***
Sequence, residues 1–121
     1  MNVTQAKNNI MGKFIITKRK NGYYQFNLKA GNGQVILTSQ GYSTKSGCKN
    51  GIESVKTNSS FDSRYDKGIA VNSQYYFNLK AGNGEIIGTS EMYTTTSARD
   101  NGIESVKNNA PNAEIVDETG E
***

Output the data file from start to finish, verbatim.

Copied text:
Sequence, residues 1–121
     1  MNVTQAKNNI MGKFIITKRK NGYYQFNLKA GNGQVILTSQ GYSTKSGCKN
    51  GIESVKTNSS FDSRYDKGIA VNSQYYFNLK AGNGEIIGTS EMYTTTSARD
   101  NGIESVKNNA PNAEIVDETG E